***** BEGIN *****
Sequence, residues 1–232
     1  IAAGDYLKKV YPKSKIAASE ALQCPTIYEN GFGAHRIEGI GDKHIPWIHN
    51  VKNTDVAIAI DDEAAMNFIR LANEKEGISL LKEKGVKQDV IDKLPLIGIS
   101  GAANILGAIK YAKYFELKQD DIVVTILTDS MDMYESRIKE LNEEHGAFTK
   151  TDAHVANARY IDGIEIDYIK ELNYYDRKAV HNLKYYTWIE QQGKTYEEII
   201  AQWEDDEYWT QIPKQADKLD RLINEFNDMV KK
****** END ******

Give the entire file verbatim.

Sequence, residues 1–232
     1  IAAGDYLKKV YPKSKIAASE ALQCPTIYEN GFGAHRIEGI GDKHIPWIHN
    51  VKNTDVAIAI DDEAAMNFIR LANEKEGISL LKEKGVKQDV IDKLPLIGIS
   101  GAANILGAIK YAKYFELKQD DIVVTILTDS MDMYESRIKE LNEEHGAFTK
   151  TDAHVANARY IDGIEIDYIK ELNYYDRKAV HNLKYYTWIE QQGKTYEEII
   201  AQWEDDEYWT QIPKQADKLD RLINEFNDMV KK